I read the description of the canary and realized that it fits exactly who I’ve always been, someone who cannot live without the healing power of song.


It is good Friday, and Lent is coming to an end to make way for Easter, to make way for fifty (and more) days of celebration and newness of life.

Tonight many of us will gather in sanctuaries and homes and basements and remember what it means, remember why the body and the blood is so important, even today.

We mourn.

We sing a mourning song.

We weep.

We sit in ashes.

We remember that we are flesh as well as spirit,

that we are bound to brokenness a little while longer before the dawn breaks.

When my Grandmother died, I sang at her funeral.

And it was an odd space to inhabit, because I was so sad, so mournful, so sure that the world would miss her presence.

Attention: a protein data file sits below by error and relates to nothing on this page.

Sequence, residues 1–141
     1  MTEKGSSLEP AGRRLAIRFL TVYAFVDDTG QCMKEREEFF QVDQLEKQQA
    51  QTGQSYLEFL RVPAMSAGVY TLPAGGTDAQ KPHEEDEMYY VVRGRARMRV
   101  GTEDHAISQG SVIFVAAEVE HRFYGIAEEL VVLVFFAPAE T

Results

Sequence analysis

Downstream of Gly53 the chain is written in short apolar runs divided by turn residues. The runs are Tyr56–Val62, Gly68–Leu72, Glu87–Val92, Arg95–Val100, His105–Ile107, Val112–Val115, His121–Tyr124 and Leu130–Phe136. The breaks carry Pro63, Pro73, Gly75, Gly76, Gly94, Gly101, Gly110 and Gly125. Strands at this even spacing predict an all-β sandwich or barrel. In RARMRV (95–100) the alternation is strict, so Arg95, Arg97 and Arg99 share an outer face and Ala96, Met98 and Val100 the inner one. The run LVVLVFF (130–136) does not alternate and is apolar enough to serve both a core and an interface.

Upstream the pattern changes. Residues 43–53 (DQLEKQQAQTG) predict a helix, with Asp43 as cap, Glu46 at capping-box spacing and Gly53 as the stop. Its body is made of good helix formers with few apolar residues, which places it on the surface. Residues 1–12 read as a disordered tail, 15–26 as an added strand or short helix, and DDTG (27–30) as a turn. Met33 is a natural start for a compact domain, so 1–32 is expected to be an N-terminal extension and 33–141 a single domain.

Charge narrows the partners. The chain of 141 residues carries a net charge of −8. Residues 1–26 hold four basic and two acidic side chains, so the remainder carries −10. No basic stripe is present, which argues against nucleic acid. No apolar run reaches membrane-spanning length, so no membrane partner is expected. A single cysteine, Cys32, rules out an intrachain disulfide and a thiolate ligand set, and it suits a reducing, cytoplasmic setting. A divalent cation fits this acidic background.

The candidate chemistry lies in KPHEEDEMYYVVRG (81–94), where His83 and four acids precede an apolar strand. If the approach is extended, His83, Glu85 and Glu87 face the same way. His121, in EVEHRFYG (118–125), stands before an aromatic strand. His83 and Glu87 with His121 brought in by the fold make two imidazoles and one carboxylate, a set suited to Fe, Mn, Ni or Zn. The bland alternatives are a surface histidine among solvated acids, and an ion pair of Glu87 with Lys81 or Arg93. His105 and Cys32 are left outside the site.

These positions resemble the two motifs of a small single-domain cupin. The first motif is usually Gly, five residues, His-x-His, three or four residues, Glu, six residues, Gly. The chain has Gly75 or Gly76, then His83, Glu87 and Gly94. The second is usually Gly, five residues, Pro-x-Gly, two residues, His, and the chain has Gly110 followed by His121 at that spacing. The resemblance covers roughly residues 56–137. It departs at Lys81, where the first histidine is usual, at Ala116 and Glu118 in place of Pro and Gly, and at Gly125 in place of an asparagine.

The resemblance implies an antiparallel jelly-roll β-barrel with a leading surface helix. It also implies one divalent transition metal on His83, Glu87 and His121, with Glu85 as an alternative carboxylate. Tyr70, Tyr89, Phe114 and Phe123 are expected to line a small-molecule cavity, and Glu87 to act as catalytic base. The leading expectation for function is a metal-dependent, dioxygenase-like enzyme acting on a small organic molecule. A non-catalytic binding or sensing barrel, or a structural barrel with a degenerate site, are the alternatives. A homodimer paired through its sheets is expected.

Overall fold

But I looked out at my family, all of us back together for a reunion to celebrate Pauline’s life, and I was so thankful to be there,

to sing for her, to my family, to remember and celebrate a legacy.

I don’t know who sang over the tomb where they laid Jesus.

I don’t know who prayed over those oils and herbs, who placed hands on the cloth covering his wounds to say a prayer as he continued to pass deeper into death.

But I’m sure there was mourning.

I’m sure there were eulogies being written and stories being told and tears, tears, tears being shed.

But today, we know more of the story.

So we can close our eyes and picture that tomb in the dark.

But let’s also hear the voices.

While we are here, let’s remember those songs.

We read them out loud, we sing them with our own melody, in case we don’t know the original one.